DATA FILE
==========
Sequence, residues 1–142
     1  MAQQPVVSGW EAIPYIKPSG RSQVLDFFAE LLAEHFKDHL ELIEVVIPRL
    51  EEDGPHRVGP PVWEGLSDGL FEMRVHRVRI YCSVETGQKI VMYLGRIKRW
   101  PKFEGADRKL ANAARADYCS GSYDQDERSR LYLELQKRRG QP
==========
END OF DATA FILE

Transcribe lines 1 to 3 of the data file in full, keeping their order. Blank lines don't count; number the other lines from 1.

Sequence, residues 1–142
     1  MAQQPVVSGW EAIPYIKPSG RSQVLDFFAE LLAEHFKDHL ELIEVVIPRL
    51  EEDGPHRVGP PVWEGLSDGL FEMRVHRVRI YCSVETGQKI VMYLGRIKRW